20 new ambulances to strengthen referral pathway in under-recovery areas in Mosul, Anbar, and Kirkuk

The provision of health care in the conflict-torn governorates of Anbar, Ninewa, and Kirkuk, has recently been augmented by additional 20 ambulances procured by the World Health Organization (WHO) to support the referral pathway and ambulatory services in the mentioned governorates.

The ambulances were handed over to the Ministry of Health in Baghdad to be distributed according to a priority plan suggested by a recent assessment conducted by WHO.

“An average of 1200 to 1500 patients a month are expected to benefit from this service in each targeted location,” said Hameed Ali, an ambulance service director in the Ministry of Health.

“The new donated ambulances will surely save more lives,” said Majeed, a paramedic who worked in one of WHO’s field hospitals in Mosul. “Ambulances staff has some pretty interesting stories to tell from Mosul response operations. You find out they saved a life of a family in Hamam Alil, raced time to get a shot-injured child to the closest trauma stabilization point in Bartella, or even helped a hard labor at a late hour amid clashes and exchange of fire. At least it helped emergency response succeed to a remarkable degree in places like Mosul.”

The ambulances were procured with the fund received from the United States Office of Foreign Disaster Assistance (OFDA) early this year and will be part of the overall referral pathway that WHO has been keen on strengthening to make it more responsive to the needs of the IDPs and returnees in affected governorates.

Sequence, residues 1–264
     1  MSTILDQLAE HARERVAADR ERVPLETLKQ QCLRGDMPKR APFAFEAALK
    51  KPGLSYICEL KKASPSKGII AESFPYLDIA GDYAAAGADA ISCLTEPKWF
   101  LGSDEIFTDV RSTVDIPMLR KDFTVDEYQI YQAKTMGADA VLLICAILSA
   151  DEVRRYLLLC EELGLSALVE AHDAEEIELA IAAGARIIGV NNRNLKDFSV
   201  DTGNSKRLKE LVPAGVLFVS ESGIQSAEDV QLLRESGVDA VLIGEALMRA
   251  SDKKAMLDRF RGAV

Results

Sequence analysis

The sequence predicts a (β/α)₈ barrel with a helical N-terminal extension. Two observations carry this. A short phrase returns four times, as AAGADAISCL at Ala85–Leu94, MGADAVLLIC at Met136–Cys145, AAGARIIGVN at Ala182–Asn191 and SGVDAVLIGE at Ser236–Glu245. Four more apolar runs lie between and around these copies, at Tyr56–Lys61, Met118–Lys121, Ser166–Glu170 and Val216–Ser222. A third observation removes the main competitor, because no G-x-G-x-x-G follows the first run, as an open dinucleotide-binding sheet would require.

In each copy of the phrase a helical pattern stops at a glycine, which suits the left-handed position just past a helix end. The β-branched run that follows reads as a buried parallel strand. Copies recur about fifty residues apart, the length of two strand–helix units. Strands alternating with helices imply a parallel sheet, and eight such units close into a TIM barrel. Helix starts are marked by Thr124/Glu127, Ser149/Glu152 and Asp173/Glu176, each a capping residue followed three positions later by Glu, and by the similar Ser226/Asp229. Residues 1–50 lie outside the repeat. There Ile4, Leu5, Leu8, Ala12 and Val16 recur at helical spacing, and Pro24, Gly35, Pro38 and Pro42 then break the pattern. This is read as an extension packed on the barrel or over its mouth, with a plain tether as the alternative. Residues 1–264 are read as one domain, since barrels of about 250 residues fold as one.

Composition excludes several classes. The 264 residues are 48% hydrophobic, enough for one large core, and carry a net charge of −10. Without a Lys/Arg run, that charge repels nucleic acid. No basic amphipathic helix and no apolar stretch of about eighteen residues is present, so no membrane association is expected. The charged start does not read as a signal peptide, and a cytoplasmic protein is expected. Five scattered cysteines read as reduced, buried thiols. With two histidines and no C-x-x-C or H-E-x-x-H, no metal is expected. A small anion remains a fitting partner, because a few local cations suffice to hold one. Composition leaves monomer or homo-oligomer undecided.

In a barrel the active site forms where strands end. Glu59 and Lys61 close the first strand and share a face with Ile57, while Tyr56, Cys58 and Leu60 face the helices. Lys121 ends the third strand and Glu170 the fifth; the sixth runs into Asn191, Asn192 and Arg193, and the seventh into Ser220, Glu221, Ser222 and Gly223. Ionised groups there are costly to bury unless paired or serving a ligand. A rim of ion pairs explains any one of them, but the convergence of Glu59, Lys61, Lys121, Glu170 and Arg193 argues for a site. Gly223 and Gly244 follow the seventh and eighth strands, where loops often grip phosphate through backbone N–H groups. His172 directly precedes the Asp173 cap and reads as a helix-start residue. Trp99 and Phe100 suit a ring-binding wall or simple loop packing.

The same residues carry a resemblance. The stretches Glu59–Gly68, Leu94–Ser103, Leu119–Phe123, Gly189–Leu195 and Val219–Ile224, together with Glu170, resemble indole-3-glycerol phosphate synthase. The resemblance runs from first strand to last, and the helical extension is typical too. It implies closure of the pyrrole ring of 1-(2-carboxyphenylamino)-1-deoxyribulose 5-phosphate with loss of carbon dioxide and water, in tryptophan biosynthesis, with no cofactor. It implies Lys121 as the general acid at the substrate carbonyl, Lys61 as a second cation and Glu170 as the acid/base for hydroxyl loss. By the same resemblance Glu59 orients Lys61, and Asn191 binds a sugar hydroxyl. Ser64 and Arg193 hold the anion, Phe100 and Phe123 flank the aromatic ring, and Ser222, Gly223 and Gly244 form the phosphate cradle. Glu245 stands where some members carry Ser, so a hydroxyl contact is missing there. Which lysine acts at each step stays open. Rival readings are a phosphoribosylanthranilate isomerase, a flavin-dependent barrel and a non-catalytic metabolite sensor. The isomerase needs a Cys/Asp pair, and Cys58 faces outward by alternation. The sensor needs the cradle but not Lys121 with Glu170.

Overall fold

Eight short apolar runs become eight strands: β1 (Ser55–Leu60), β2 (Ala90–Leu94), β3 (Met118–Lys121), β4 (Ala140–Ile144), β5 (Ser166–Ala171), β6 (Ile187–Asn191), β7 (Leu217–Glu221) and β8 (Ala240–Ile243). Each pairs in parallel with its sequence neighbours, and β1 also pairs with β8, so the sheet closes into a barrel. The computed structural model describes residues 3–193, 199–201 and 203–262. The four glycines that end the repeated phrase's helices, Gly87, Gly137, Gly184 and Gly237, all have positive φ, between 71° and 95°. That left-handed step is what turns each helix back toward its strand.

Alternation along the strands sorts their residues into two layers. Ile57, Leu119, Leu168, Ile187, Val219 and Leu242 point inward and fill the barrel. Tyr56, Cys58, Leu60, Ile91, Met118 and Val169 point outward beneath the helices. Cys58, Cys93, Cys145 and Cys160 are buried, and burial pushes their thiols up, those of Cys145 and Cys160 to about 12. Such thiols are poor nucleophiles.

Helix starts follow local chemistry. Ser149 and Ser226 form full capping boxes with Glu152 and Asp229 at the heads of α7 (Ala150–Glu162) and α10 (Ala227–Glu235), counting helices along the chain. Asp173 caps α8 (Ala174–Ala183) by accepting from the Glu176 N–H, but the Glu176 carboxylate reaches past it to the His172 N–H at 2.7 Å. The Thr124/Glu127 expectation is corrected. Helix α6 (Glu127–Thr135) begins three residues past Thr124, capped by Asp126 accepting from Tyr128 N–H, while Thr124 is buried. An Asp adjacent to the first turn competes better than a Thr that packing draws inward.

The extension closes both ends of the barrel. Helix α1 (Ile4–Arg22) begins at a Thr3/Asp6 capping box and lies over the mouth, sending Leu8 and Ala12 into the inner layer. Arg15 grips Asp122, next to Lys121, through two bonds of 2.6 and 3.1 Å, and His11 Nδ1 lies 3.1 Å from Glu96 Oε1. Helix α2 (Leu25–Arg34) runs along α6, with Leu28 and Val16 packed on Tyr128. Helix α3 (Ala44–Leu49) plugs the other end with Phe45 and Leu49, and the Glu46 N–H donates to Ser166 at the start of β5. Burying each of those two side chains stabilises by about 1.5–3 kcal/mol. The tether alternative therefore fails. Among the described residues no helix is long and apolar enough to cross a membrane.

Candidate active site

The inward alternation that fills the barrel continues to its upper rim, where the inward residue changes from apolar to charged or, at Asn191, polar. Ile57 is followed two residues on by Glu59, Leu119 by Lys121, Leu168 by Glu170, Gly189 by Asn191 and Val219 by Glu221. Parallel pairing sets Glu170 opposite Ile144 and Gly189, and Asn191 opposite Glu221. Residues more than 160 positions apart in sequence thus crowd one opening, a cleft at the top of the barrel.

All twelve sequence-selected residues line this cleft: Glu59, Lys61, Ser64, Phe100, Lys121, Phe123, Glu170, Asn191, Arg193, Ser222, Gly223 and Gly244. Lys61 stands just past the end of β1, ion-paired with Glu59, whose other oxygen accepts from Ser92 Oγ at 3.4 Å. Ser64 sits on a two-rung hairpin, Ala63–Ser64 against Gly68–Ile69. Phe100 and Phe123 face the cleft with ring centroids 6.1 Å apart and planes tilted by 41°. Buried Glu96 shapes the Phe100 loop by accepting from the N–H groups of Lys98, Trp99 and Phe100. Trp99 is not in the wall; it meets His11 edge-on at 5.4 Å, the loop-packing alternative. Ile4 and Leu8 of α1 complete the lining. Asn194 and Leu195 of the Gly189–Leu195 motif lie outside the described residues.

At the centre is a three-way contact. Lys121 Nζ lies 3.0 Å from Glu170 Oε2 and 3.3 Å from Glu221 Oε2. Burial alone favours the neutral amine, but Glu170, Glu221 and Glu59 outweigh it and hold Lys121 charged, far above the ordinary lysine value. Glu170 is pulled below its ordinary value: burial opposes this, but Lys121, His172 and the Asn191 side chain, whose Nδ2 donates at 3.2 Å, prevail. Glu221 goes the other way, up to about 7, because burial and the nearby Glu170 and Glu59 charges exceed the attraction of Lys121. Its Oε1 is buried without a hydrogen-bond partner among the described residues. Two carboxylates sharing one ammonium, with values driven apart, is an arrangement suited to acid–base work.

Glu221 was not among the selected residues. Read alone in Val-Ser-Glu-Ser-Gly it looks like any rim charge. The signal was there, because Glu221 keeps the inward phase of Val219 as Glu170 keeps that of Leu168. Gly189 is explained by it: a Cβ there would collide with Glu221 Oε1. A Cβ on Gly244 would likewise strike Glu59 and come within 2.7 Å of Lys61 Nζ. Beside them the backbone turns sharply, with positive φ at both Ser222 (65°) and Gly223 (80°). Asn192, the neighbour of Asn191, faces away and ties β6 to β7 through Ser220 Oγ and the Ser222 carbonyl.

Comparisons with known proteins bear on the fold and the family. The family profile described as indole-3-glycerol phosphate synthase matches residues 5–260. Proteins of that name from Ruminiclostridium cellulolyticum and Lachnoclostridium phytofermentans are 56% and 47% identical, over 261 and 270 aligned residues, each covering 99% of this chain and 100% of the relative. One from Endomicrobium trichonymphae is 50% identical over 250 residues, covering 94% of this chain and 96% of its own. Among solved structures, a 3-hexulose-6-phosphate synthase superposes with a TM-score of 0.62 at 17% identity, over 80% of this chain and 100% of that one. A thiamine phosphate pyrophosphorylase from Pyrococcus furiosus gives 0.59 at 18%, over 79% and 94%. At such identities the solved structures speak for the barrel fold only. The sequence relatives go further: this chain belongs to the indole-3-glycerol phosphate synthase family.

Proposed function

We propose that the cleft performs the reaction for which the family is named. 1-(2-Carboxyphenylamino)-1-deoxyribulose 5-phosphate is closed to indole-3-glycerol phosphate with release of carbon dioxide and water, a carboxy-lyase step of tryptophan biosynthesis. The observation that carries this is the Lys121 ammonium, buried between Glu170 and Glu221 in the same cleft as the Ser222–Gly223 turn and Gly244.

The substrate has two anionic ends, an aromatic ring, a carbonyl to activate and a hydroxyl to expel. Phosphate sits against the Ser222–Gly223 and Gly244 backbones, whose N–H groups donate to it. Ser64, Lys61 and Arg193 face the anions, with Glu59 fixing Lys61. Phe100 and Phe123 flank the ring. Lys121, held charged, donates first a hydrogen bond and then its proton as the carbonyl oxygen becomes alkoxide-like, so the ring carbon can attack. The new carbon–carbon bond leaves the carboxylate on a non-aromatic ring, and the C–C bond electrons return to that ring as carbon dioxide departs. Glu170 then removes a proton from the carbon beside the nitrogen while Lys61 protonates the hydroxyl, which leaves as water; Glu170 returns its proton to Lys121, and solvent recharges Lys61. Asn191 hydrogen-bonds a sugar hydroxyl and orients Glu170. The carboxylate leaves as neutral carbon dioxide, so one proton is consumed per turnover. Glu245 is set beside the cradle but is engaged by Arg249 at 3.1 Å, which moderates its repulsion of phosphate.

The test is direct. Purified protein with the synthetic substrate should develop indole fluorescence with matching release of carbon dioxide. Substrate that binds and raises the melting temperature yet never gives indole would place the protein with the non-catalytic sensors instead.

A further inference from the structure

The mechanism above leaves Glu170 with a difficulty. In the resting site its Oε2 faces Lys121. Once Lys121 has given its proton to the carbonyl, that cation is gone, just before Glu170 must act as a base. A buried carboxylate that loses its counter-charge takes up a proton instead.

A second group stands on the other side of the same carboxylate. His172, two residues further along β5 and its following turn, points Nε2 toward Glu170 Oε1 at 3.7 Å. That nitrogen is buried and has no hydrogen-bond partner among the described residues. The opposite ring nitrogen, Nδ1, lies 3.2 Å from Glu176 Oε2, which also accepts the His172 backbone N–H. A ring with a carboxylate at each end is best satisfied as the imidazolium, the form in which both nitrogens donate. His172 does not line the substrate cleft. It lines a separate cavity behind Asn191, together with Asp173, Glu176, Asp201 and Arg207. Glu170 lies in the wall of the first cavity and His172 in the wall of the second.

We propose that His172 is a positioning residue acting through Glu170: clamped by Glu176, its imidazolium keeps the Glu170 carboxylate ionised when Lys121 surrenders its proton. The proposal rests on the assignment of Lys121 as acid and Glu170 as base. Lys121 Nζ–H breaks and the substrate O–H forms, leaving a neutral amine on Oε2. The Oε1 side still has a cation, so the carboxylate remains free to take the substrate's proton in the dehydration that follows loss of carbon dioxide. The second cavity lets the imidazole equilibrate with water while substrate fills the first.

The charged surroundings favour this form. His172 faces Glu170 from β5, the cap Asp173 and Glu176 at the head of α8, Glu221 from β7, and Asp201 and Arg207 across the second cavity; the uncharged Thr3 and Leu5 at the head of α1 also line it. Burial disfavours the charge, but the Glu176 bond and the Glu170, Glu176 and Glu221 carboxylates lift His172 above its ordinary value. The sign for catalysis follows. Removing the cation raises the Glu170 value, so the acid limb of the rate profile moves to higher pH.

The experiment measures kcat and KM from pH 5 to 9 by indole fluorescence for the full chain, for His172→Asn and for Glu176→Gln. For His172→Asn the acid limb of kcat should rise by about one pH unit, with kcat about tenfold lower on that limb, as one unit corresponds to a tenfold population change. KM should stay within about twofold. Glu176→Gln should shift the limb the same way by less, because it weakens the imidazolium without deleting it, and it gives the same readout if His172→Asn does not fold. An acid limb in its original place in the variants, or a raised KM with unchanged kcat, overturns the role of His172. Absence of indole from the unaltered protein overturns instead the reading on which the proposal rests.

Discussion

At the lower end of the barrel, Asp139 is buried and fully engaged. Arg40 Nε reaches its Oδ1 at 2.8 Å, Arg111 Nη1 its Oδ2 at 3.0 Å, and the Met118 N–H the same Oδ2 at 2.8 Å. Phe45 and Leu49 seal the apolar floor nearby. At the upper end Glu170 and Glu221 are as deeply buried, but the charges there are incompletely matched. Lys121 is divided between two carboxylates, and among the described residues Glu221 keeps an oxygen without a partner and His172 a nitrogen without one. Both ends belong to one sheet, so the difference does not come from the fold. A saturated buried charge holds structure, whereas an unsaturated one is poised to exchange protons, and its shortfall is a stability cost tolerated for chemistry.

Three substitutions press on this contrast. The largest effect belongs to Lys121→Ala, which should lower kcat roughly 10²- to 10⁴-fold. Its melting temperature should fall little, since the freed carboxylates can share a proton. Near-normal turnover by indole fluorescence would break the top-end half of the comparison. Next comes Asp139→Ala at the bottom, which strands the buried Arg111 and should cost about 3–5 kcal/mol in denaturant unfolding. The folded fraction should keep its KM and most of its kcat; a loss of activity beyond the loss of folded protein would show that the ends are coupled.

Analyzing the emergency and trauma referral pathway during the Mosul crisis, WHO identified the urgent need to strengthen the referral pathway and ambulatory services by deploying a network of new ambulances equipped with basic to advanced medical intervention services.

As of now, WHO has handed over more than 140 ambulances to support trauma referral services in Baghdad, Anbar, Ninewa, Salah Aldin, Kirkuk, Erbil, and other in need locations.

The 20 new ambulances come in a time where the federal ministry of health has lost hundreds of its ambulances during the fight against the armed groups in the aforementioned governorates.

“In April 2017, we were called out to a pediatric trauma,” said Saif Abdul Rahman a paramedic in one WHO donated ambulance in Mosul. “When we got there we found unaccompanied 4-year old girl that had a sniper bullet in her left leg while fleeing the fight with her family in West Mosul . In no time, IV fluid was administered and we head east very fast as she started to lose conscious. We brought her to Athba Trauma Field Hospital, but I still can't get the image of her un-equal eyelids, and unfocused look out of my head, “

WHO has supported the national health authorities in conflict-affected areas in 2016-17 with a network of about 96 ambulances mobilized to serve the trauma response activities as well as ambulatory services in IDP camps and far to reach areas. The ambulances played a remarkable role in the response to trauma right at the battle frontlines in Mosul and other conflict areas.

WHO is thankful of the generous contributions from the United States Office of Foreign Disaster Assistance (OFDA), The European Commission Civil Protection and Humanitarian Aid (ECHO), The Government of Germany, and The Government of Japan for funding the purchase of the ambulances.


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  • Agency: WHO

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